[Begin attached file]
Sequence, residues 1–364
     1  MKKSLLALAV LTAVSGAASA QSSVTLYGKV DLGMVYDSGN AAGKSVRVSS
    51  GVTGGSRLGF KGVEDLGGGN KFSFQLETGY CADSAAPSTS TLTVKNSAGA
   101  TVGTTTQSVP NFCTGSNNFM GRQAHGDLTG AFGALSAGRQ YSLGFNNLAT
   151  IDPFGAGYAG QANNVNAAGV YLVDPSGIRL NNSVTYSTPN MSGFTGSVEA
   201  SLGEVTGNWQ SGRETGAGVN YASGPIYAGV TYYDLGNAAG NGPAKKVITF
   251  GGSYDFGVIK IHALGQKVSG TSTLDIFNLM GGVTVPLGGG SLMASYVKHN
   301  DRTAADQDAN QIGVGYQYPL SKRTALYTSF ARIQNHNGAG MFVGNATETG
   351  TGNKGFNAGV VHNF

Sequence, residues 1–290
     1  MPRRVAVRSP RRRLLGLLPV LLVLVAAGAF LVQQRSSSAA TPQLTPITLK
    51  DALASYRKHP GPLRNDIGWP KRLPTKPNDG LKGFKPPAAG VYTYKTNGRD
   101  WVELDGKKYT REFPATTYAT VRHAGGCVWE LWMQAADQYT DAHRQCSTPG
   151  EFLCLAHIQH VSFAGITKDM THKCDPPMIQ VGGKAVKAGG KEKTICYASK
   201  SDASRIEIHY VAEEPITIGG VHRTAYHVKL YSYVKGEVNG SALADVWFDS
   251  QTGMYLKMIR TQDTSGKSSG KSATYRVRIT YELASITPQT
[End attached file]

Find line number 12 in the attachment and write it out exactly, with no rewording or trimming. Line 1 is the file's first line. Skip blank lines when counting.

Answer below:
    51  DALASYRKHP GPLRNDIGWP KRLPTKPNDG LKGFKPPAAG VYTYKTNGRD